New England Senators and environmentalist joined together Friday to praise a new lower carbon emission cap set by the Regional Greenhouse Gas Initiative.
Nine states, including four from New England, participated in the RGG Initiative, a four-year-old power plant pollution-cutting program in the Northeast and Mid-Atlantic, that has been working to reduce climate change pollution, according to an RGGI press release Friday.
Dale Bryk, director of the energy and transportation program at the Natural Resources Defense Council, said in a statement that the initiatives is multi faceted.
“This program has shown the nation unequivocally that environmental and economic progress can indeed go hand in hand,” she said.
Interim U.S. Sen. William Cowan praised the initiative for encouraging job growth and environmental protection standards.
“Not only is this decision good for our environment, but it will drive job creation, strengthen our state economies, and continue to establish New England as an innovation leader for the nation,” he said in a statement.
Cowan said clean energy is helping keep Massachusetts residents employed.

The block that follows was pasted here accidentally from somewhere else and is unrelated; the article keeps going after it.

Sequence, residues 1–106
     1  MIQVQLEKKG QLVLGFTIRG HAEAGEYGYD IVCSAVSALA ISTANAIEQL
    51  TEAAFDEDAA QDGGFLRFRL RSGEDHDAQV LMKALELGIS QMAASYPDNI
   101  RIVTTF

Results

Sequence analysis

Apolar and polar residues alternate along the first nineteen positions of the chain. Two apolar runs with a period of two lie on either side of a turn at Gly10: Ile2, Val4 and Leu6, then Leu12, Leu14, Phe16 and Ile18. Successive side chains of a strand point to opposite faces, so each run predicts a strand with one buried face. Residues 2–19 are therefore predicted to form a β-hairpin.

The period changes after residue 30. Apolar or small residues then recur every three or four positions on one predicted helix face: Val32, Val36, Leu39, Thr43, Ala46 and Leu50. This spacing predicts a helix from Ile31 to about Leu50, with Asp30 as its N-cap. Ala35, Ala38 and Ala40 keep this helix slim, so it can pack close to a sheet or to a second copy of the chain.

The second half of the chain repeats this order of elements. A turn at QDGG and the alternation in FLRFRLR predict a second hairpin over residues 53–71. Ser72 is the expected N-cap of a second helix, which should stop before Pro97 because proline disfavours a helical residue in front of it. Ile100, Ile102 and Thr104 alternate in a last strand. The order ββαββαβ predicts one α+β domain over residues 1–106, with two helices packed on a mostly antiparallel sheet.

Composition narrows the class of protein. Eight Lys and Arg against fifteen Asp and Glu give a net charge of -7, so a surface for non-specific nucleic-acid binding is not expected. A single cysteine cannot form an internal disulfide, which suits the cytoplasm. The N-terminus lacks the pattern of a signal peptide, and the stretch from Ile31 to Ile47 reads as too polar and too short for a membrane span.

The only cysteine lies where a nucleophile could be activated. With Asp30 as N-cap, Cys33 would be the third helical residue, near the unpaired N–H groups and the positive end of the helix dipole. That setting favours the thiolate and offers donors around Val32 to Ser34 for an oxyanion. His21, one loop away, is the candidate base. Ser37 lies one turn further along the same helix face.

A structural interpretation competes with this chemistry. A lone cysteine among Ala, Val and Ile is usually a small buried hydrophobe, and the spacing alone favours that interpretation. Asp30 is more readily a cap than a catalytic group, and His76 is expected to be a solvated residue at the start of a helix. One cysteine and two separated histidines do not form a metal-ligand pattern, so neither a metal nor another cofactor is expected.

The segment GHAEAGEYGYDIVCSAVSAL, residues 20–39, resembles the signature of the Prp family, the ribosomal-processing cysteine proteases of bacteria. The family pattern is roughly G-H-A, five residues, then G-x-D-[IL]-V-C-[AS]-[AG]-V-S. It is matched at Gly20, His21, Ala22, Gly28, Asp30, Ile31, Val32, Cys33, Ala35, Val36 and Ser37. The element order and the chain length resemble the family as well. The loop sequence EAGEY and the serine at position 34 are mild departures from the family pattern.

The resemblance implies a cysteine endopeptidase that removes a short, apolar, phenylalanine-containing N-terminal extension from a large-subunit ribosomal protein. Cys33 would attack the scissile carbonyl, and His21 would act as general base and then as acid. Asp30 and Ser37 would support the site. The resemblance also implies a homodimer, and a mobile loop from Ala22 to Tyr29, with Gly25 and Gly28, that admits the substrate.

“Massachusetts now has more than 72,000 clean energy workers, and we’ve created hundreds of new clean energy companies and technologies,” he said in a statement. “This decision will continue to drive our leadership in creating a clean energy economic boom.”
The new initiative will limit the amount of pollution power plants can emit to fewer than 91 million tons — nearly half of the previous limit— starting in 2014 according to RGGI.
This will be an initial reduction of 45 percent. After the initial year, the limit will drop 2.5 percent every year until 2020 according to the RGGI.
Sen. Richard Blumenthal of Connecticut said in a statement that he hoped New England’s move would encourage the rest of the country to follow suit.
“This innovative initiative is an economic and environmental win-win for Connecticut and other New England states because it reduces greenhouse gas emissions and creates green jobs,” he said. “I hope other regions in the nation follow the New England region’s lead by creating similar environmentally-conscious cooperatives.”
Bryk said the nation would benefit as a whole by following New England’s lead.
“As the Environmental Protection Agency prepares to issue carbon pollution standards for existing power plants nationwide, other states would be wise to look to RGGI as a model,” she said in a statement.
“By following this lead, they too can reap similar economic benefits while helping to reduce the turbo-charged weather that has been sweeping across the entire country.”
The extreme damage left in Superstorm Sandy’s wake was also a factor in ensuring this cap, Bryk said.
“In the wake of Superstorm Sandy, RGGI is combating extreme weather at its source: Climate change,” she said.